Why do filmmakers continue to operate under the mistaken assumption that the stories of rock groups that dissolve into misery and tragedy will make good movies? The latest example of why they don’t is provided by this docudrama about the first all-girls’ outfit, which included guitarist Joan Jett and had a meteoric rise before flaming out after a few years. The narrative may be true—or mostly so—but it’s certainly not much fun to watch, especially since the compression of a four-year period into a 100-minute movie doesn’t leave much room for nuance or character development.

The two most prominent members of the band, in Flora Sigismondi’s telling at least, were Jett, one of the co-founders along with drummer Sandy West (Stella Maeve), played by Kristen Stewart of “Twilight” fame, and blonde lead singer Cherie Currie (Dakota Fanning). But there’s a third very important person in Kim Fowley (Michael Shannon), the wild-eyed, histrionic self-styled genius producer/promoter who was instrumental in putting the girls together and fashioning their hard-rock style. The treatment follows the conventional pattern. First comes the difficult formation of the group in 1975, with the addition of Lita Ford (Scout Taylor-Compton) and particular emphasis on the hiring of Currie, a fifteen-year old bombshell whose look Fowley saw as perfect but whose straight-laced attitude needed some adjusting. There follows a section on the group’s early tours under lamentable conditions (exaggerated by Fowley’s miserly ways) and their enjoyment of the various opportunities, sexual and pharmaceutical, that their growing popularity afforded. The intensity of the fan reaction during a visit to Japan shocked the girls.

By that time, however, fissures have already sprung up within the band, especially as Currie goes off the rails and becomes a prima donna in every sense, and eventually everything simply falls apart, with Jett ultimately going her own way while continuing to perform some of the group’s songs. And a would-be poignant coda shows a long-distance reunion between the successful singer and the cleaned-up Currie during a radio call-in show.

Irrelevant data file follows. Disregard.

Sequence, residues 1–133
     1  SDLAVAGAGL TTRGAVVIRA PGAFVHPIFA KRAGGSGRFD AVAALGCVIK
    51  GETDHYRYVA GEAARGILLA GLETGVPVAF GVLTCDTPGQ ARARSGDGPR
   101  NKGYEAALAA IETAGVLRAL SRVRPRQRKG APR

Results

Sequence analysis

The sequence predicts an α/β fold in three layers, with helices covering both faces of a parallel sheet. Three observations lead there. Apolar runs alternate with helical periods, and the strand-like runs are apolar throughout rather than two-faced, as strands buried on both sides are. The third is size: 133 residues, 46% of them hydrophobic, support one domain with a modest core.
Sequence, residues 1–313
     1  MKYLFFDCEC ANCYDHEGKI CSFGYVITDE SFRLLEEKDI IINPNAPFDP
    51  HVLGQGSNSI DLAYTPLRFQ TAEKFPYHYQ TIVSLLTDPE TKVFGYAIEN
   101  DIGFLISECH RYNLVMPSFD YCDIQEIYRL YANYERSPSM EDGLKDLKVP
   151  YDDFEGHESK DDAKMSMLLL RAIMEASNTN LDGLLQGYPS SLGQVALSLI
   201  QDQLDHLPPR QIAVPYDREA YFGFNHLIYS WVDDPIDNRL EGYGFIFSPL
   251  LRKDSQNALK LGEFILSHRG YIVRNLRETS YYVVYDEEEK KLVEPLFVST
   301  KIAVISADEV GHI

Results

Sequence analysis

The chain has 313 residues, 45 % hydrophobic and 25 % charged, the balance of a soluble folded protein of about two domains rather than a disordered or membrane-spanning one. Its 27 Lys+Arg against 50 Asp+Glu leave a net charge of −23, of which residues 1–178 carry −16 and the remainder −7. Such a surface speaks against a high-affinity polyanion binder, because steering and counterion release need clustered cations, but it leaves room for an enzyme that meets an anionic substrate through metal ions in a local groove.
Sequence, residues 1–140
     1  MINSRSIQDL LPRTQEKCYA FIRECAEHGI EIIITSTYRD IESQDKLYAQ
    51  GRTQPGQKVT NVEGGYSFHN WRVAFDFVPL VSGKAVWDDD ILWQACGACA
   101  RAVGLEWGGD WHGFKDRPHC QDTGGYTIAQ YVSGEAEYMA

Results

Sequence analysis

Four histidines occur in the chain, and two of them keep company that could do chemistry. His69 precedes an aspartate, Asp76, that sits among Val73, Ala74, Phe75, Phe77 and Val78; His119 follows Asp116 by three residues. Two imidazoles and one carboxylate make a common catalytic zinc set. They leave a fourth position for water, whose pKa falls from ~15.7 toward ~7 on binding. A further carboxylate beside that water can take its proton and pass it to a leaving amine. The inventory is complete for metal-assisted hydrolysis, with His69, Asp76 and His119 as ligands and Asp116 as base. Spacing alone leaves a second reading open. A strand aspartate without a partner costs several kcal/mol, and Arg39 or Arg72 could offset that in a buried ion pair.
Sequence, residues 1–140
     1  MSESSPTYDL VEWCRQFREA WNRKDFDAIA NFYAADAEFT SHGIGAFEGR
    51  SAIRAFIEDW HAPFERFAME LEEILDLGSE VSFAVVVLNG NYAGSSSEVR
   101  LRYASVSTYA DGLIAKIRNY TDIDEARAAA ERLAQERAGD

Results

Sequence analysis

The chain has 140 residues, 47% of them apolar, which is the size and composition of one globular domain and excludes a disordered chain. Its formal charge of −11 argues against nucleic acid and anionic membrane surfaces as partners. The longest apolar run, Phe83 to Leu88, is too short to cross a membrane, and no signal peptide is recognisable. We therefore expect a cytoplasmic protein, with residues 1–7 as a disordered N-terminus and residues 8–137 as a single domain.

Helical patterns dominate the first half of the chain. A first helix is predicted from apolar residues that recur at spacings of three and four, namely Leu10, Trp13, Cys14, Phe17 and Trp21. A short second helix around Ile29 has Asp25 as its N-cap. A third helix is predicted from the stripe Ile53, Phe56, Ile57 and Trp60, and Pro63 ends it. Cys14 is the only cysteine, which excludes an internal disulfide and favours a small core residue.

This isn’t a dull story, but it’s hardly an unfamiliar one, following the rags-to-riches-to-rags template of so many showbiz tales. And it’s not helped by Sigismondi, whose script opts for the floridly melodramatic and whose direction often seems ragged. (Of course, the visually abrasive cinematography of Benoit Debie and Richard Chew’s brusque editing are contributing factors.)

As to the performances, Stewart rouses herself from her “Twilight” doldrums as Jett (who, as executive producer, must have assured a favorable depiction), and Fanning captures the mixture of bravado and vulnerability that seems to have marked the unhappy Currie, who’s saddled (like most of the others) with family problems. But the person you’re likely to remember best is Shannon, who goes happily over the top in portraying Fowley. The real fellow apparently was (or more properly is) pretty outrageous, but Shannon probably outdoes the real article.

Those interested in a slice of this particular era in rock history will probably find “The Runaways” interesting, if not terribly enlightening. But to those whose tastes run in other directions, the film will instead seem an intriguing but flawed attempt to dramatize the rise and fall of a group that’s more than an historical footnote but less than a household name.